Women's 18th Century Caps
We can research caps through paintings and drawings, newspaper ads and runaway ads and the occasional written tidbit of a description. Extant examples of 19th century caps exist in numbers but seldom those from the 18th century. We can learn some from these later caps but they changed greatly as time went on. They appear in paintings in various shapes and forms but always white. There are at least two parts to a cap, the band and the crown. The crown is gathered at the back neck edge and there is often a ruffle attached to the band. The cap can tie under the chin or be held in place with a gathering tie at the back neck edge pulling it tight enough to stay in place. It may also have lappets, which are pictured below. Caps may be made of linen, including fine gauze and lawn, and lace. The finer fabrics represent a cap for 'the better'.
Choosing a style of cap
The design of a cap followed the current hairstyle; for those of us portraying a countrywoman, the hair should be simply styled, close to the head with NO BANGS. When deciding on a style for yourself, first, consider the role you are representing, your social standing, your age, and the occasion. For instance, dressed in your ball gown with your hair piled high, or with a wig, you wouldn't need a cap, but that's for another discussion. A woman in her best day dress, possibly having been aided in styling her hair by a servant girl, might wear a beautiful shear gauze cap with much of her hair showing. Her servant girl would be fashionably dressed as well with a fashionable cap especially if she was to be seen with her mistress. The farmer's daughter going about her work, would likely have a cap that covered her hair, which may have needed covering!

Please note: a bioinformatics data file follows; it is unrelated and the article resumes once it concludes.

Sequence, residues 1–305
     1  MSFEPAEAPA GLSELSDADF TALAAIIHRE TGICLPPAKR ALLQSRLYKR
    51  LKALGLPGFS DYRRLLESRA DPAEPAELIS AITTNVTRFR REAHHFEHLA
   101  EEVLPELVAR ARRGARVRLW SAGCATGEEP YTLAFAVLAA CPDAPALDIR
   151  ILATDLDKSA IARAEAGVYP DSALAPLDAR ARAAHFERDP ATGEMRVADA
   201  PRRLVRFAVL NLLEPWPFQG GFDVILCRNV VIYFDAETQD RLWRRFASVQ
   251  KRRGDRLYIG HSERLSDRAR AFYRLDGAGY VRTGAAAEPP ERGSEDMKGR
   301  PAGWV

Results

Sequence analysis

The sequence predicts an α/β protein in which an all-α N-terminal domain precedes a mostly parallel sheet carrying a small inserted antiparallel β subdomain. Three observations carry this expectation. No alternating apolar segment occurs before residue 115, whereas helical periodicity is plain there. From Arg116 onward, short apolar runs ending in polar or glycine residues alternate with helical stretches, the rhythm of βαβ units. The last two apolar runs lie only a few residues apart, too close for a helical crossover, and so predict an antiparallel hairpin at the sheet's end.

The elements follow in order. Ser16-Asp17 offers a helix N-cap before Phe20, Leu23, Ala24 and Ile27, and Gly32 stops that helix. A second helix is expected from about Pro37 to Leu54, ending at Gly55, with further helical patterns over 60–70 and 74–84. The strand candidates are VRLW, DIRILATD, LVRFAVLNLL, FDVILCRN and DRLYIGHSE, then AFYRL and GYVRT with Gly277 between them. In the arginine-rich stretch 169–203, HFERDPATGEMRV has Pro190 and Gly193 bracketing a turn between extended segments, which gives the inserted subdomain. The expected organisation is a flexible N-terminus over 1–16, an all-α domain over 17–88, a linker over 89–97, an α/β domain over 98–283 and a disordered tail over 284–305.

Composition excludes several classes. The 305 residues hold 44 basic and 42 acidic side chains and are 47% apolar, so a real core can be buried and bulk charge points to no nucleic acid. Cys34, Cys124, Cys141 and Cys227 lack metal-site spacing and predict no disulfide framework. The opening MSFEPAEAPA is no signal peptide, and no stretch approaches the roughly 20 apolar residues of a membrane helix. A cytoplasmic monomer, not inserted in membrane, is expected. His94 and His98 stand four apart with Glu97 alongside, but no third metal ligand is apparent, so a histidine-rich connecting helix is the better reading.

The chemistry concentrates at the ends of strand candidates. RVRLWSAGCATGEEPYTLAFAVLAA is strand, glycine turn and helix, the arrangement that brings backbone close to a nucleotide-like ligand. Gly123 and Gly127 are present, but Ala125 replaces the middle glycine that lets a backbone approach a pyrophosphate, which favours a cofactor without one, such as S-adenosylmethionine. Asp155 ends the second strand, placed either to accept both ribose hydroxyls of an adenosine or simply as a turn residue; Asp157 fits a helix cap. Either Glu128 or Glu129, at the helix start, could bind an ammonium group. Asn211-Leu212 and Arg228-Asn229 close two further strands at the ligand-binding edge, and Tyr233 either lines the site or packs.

What Is a Mobcap AND What IT IS NOT!
Terminology in the 18th century varied just as spelling did. In reading through the written sources for clues to what clothing was like, you will be confused at times as to what is being referred to. Cap and mobcap, or mob, are just a few examples. What is a mobcap? The term is often used in modern books that don't cover clothing in detail when referring to an 18th century cap. One source specific to the study of clothing suggests that as the hair styles got higher in the later part of the century and as the caps got larger to accommodate the height, that these might be called mobcaps, some times shortened to mobs. The term mobcap is legitimate to the 18th century but elusive in its true meaning. We do know that it is NOT the round circle of cloth gathered into a circle with a drawstring of whatever, thought of as such by the modern day reenactor. There is no documentation to base this cap on, no matter how many movies it appears in. And, it is not a "mopcap" with a "p"!